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Loggerhead Shrike, Photo by Steve Ishii

We would wind our way up higher. There were Loggerhead Shrikes as we left the Joshua Tree forest. And when we were in the various oak forests we would see Acorn Woodpeckers, with its clownish appearance and its yacking noises and the dark green velvet and rose breast of Lewis’ Woodpeckers and of course the occasional Scrub Jay, which doesn’t do too bad in the blue department as well. Gaining altitude also meant more eagles and near the top where there is this incredible vast panorama of mountain and canyons on the Kern County side there was a good place to get a bite to eat. We were at a place where there is going to be a rerouting of the Pacific Coast hiking trail and you could see into the San Joaquin Valley.

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Pronghorn Antelope, Photo by Steve Ishii

After lunch we would proceed more toward the back end of the ranch. Even in drought, this land is just spectacular. It’s also remarkable how resilient this land can be. Even parched, there is life. We even get to see a bobcat tearing down the mountain side after who knows what. That animal was like lightning; if you blinked you missed it. We are sometimes taking routes we’ve never taken before to see vistas more astonishing at every turn. We slowly wind our way down and back through the Joshua Tree Forest. And, leaving the forest near the 290th St gate, in the field, is a small herd of Pronghorn Antelope. And, time stands still once more. These beautiful graceful antelope are eating and also observing us. They don’t seem to be disturbed by our party. You watch them and your mind travels back in time, when things like civilization didn’t encroach on them and more of these animals roamed in complete freedom. These antelope are hanging on. They’ve got real four-legged enemies to be wary of: coyotes and mountain lions.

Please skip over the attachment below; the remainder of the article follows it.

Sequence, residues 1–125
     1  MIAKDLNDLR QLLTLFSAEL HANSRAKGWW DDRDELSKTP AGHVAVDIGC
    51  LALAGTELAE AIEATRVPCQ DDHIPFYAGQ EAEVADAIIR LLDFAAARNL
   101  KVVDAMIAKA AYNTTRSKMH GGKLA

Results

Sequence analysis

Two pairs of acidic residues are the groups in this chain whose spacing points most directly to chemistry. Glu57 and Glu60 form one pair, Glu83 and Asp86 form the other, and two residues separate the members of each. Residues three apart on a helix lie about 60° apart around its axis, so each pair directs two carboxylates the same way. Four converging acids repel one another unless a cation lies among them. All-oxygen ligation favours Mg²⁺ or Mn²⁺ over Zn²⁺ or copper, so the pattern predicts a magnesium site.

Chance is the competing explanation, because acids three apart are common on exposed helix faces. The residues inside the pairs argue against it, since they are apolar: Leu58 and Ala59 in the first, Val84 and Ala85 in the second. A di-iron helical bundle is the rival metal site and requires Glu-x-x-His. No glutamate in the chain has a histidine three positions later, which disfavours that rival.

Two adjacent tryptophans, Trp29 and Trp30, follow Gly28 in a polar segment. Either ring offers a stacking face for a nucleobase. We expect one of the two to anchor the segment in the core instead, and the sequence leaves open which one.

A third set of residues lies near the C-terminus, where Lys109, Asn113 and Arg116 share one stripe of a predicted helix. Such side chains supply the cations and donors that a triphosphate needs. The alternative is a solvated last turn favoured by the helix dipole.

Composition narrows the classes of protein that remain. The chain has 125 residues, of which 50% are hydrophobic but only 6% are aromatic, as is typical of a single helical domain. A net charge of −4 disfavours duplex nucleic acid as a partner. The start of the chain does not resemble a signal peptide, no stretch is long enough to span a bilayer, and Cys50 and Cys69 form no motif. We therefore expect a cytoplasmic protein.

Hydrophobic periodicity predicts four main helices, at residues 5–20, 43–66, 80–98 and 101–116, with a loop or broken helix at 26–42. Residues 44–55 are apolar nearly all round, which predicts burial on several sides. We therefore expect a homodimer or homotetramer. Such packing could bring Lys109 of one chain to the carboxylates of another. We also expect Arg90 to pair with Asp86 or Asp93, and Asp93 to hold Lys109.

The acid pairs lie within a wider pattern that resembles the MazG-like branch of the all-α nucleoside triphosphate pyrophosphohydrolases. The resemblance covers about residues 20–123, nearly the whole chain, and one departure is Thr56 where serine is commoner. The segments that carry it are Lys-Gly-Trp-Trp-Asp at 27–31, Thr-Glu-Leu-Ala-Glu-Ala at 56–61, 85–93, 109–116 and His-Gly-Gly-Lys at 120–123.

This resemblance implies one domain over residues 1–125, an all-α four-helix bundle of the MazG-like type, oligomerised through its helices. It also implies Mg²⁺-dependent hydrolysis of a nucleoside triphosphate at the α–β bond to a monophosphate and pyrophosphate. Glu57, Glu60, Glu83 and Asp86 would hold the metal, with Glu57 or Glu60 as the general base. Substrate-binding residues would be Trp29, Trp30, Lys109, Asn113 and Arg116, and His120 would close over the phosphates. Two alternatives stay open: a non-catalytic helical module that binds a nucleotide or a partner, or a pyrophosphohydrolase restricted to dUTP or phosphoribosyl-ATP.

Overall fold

Pronghorn Antelope, Photo by Dessi Sieburth

But, there is another surprise, atop a tree: a Prairie Falcon. 34of39-PrairieFalcon-IMG 1726-2

Prarie Falcon, Photo by Steve Ishii

It almost appeared out of nowhere. And, there seemed to be some resolve in this bird. It gave us some really good looks and then took off. It’s coloring blending in so well with this desert setting. Flying purposely, showing its dark armpits, flew for miles in front of us. That was a nice finishing button for the day. A wonderful day. A day of excitement and a bit of serenity and peace and fun. A great day for the two new friends, who, I might add, razzed me mercilessly as we were in our truck touring the ranch. All in good spirits and fun. We are grateful to Scot Pipkin, Steve Justus and Chris Gardner who were so accomodating and helpful at every turn. There is a really wonderful and very helpful staff up at Tejon and they make our visits such a pleasure. I, personally, have never had a bad time on that ranch - not even a so so time. It has always been just great, and we are appreciative of them for taking the time for us.

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Tejon Birding Group, Photo by Beatrix Schwarz

Published Western Tanager Vol. 81 No. 4 March/April 2015